Looking Forward: While the short-term outlook has become increasingly cloudy and the momentum of the recent rally is likely to fade, we do not think the cyclical recovery is at threat. Put differently, downside risks are more likely to slow the recovery rather than put the recovery at threat. This could lead to a more drawn out rebound, but if economic growth and corporate earnings continue a path back to trend, then in combination with record low interest rates this will be sufficient to propel markets higher.
Source: Macquarie Wealth Management Team – The Financial Year that was 3/7/2020
Perpetual – Thoughts on the Market: Market increases globally, resulted in most sectors experience strong gains to the close of trade on 2/7/2020. The MSCI World index gained .7% which has resulted in only 2 sectors still in bear market territory globally. The Energy and Financials Sectors are respectively 37.2% & 24.8% below their early calendar year peaks.
In the US, markets opened positively with a very strong June non-farm payrolls boosting sentiment, but stubbornly high jobless claims data and another strong set of daily COVID-19 numbers in several key states slowly eroded gains. At present the US market has recovered 78% of its March quarter loss, but the recovery in the US economy is likely to level off before too long, due in part to the government set to become a large drag and the private sector is not in a strong enough shape to fill the growth hole. The UK officially left bear market territory due to overnight (gained 1.3%). Back to the US – payrolls gains reflect a snapshot of the mid-month flurry of rehiring in restaurants and retailers and this was before these reopening’s screeched to a halt given rising COVID-19 numbers around the US, which is likely to either slow or stall the rate of improvement. For policy, the stronger-than-expected jobs report reduces the likelihood and the size of further fiscal stimulus and it will encourage the Fed’s ‘ patience ‘.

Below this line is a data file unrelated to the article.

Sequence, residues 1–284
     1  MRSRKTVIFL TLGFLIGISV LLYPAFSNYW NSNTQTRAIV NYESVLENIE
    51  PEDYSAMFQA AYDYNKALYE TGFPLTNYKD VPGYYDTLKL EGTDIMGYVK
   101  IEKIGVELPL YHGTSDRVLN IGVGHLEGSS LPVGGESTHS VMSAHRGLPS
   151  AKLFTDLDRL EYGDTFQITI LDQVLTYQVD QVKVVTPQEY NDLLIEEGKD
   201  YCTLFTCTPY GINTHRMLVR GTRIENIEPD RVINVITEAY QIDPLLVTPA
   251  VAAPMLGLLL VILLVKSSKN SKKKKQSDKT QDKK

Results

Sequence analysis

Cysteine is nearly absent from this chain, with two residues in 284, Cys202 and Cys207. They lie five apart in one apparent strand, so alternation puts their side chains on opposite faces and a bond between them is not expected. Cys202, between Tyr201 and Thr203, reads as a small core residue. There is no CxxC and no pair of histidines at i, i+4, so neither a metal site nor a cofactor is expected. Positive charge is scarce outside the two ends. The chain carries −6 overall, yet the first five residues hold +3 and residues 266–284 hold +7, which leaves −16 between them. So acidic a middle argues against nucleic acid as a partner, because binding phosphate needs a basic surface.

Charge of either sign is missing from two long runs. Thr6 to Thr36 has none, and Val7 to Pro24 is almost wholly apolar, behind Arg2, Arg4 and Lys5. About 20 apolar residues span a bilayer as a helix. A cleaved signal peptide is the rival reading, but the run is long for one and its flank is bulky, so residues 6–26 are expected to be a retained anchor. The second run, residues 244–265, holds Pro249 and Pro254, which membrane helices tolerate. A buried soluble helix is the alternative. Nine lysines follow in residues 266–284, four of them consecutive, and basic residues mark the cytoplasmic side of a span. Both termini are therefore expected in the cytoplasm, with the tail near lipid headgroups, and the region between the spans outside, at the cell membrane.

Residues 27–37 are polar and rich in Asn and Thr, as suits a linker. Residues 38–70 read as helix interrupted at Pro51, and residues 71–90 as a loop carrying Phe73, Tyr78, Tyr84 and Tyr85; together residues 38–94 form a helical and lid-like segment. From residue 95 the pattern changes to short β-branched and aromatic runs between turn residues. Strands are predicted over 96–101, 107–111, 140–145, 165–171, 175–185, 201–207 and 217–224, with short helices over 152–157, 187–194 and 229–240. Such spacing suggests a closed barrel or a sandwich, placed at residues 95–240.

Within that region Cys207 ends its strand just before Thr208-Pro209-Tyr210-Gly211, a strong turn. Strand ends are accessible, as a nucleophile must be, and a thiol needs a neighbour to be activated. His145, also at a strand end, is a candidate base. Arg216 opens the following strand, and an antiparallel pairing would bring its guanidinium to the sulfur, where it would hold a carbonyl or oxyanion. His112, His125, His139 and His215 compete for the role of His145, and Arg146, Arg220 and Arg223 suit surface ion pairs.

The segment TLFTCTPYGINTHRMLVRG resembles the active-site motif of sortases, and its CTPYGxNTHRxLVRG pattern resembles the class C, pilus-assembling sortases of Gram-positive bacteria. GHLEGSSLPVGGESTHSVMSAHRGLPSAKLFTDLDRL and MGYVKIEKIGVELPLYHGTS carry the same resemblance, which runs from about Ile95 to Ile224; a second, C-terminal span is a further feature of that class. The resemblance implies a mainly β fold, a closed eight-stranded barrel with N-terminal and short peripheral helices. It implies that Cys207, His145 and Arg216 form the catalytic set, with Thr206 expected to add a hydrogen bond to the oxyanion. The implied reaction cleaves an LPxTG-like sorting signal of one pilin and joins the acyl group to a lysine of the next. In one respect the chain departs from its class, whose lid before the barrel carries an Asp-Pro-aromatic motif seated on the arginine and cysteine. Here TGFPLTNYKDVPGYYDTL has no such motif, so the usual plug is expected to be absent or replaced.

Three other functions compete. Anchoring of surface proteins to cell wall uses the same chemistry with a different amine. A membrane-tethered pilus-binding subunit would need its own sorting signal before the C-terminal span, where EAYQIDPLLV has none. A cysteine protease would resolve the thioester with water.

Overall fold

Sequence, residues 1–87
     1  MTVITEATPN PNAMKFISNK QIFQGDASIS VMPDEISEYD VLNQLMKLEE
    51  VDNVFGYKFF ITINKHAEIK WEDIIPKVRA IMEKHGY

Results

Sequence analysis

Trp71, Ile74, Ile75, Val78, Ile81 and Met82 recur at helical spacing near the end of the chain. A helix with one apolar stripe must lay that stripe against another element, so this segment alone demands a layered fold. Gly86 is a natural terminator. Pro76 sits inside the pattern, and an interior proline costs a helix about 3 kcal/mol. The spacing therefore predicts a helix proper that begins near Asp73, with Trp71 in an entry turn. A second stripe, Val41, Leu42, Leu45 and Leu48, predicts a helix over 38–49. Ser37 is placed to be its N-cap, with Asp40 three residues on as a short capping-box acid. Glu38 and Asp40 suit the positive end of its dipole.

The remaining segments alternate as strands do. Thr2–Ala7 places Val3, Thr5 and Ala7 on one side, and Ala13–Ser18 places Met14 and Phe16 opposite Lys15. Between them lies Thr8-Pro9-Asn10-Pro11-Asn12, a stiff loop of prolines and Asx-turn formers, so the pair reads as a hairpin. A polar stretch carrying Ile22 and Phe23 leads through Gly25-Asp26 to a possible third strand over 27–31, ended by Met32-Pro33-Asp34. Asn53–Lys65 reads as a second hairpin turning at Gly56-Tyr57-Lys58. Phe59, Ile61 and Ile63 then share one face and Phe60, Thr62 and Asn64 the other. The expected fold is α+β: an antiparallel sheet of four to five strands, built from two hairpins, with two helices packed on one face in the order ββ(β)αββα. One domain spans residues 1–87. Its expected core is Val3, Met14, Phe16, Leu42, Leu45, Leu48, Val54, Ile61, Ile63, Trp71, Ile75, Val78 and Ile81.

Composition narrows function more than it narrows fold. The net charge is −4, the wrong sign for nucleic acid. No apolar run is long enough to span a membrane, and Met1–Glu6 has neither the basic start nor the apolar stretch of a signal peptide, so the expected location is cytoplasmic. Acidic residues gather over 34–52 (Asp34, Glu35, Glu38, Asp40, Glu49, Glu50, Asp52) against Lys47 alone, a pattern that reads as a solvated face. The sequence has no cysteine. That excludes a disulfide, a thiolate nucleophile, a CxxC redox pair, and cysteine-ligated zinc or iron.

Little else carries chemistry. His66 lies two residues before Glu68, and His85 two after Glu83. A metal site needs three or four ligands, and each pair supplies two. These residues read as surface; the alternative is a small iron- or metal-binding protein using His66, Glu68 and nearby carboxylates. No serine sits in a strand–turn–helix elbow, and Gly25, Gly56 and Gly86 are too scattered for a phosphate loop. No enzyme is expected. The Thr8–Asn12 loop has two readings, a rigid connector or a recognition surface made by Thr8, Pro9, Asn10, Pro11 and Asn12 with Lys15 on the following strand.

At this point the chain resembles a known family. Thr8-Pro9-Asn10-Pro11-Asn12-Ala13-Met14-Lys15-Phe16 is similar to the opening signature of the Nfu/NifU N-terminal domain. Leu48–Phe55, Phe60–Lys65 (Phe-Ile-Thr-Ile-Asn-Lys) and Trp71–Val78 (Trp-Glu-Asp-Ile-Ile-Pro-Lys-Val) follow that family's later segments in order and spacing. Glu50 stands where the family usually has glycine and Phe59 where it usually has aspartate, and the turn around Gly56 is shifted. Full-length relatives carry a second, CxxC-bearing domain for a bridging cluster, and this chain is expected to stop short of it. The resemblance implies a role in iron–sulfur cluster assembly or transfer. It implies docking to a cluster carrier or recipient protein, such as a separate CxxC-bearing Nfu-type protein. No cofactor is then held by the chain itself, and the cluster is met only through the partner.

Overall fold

Source: Perpetual Investment Management Ltd – Thoughts on the Market 3/7/2020 by Matt Sherwood – Head of Investment Strategy & Michael O’Dea – Head of Multi Asset.
Broad Commodity (Gold) Overview – Share Café Weekly overview and Mid-Cap Miners Presentation
- Gold demand currently is being partly driven by Exchange Traded Fund (ETF) buying activity.
- Most analysts in the sector believe Gold price heading to and beyond $2000 USD per ounce.
- Currently sits at $1,793.20 USD having gained nearly $200 per ounce since start of calendar year.
- Many active managers, where allowed within mandate, are currently overweight gold.
- China and Russia in particular are two of the larger central banks that are currently net buyers of Gold bullion.
A few mid-cap gold miners presented, 1 of which (RRL) is currently listed as a buy on Bell Potter Research:
Regis Resources Ltd – Presentation by Jim Beyer (MD & CEO)
Current price: $5.47 Market cap $2.72 billion . RRL is a strong dividend payer with no debt and strong, consistent long-standing board and management team;
Currently hold $173 Million in cash reserves Low cost producer – relative to both domestic and international competitors they are in the bottom quartile as it relates to costs to produce; They are currently on a growth track focussed primarily on underground mine expansion;
Source: Share Café weekly overview and Mid-Cap Miners July 3rd 2020